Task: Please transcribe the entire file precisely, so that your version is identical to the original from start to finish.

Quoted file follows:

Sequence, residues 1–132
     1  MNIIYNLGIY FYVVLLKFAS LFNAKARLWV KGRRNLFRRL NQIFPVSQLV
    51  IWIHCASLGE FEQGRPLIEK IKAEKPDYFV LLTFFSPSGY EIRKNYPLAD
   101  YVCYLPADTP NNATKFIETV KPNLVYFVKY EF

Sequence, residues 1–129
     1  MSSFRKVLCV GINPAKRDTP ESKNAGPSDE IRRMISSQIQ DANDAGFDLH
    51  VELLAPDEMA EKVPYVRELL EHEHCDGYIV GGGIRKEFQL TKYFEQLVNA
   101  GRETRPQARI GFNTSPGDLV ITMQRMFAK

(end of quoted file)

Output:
Sequence, residues 1–132
     1  MNIIYNLGIY FYVVLLKFAS LFNAKARLWV KGRRNLFRRL NQIFPVSQLV
    51  IWIHCASLGE FEQGRPLIEK IKAEKPDYFV LLTFFSPSGY EIRKNYPLAD
   101  YVCYLPADTP NNATKFIETV KPNLVYFVKY EF

Sequence, residues 1–129
     1  MSSFRKVLCV GINPAKRDTP ESKNAGPSDE IRRMISSQIQ DANDAGFDLH
    51  VELLAPDEMA EKVPYVRELL EHEHCDGYIV GGGIRKEFQL TKYFEQLVNA
   101  GRETRPQARI GFNTSPGDLV ITMQRMFAK